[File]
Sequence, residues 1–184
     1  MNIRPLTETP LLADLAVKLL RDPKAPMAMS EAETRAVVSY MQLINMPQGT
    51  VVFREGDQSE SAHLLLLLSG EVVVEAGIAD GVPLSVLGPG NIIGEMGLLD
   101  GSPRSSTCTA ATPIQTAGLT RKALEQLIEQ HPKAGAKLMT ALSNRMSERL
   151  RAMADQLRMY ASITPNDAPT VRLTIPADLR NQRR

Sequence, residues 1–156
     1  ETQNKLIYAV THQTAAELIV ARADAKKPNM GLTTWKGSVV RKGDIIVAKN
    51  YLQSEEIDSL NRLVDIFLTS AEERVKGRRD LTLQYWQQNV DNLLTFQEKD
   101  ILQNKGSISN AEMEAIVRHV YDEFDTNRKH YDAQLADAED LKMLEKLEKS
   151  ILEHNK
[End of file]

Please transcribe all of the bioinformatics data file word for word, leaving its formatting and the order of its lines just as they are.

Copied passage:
Sequence, residues 1–184
     1  MNIRPLTETP LLADLAVKLL RDPKAPMAMS EAETRAVVSY MQLINMPQGT
    51  VVFREGDQSE SAHLLLLLSG EVVVEAGIAD GVPLSVLGPG NIIGEMGLLD
   101  GSPRSSTCTA ATPIQTAGLT RKALEQLIEQ HPKAGAKLMT ALSNRMSERL
   151  RAMADQLRMY ASITPNDAPT VRLTIPADLR NQRR

Sequence, residues 1–156
     1  ETQNKLIYAV THQTAAELIV ARADAKKPNM GLTTWKGSVV RKGDIIVAKN
    51  YLQSEEIDSL NRLVDIFLTS AEERVKGRRD LTLQYWQQNV DNLLTFQEKD
   101  ILQNKGSISN AEMEAIVRHV YDEFDTNRKH YDAQLADAED LKMLEKLEKS
   151  ILEHNK